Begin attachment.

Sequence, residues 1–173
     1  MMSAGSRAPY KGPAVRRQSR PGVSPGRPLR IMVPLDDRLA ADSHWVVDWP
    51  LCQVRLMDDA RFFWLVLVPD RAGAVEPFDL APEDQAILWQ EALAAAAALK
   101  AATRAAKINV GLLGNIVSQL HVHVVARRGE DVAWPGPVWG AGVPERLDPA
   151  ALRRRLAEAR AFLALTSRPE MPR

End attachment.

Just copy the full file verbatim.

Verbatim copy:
Sequence, residues 1–173
     1  MMSAGSRAPY KGPAVRRQSR PGVSPGRPLR IMVPLDDRLA ADSHWVVDWP
    51  LCQVRLMDDA RFFWLVLVPD RAGAVEPFDL APEDQAILWQ EALAAAAALK
   101  AATRAAKINV GLLGNIVSQL HVHVVARRGE DVAWPGPVWG AGVPERLDPA
   151  ALRRRLAEAR AFLALTSRPE MPR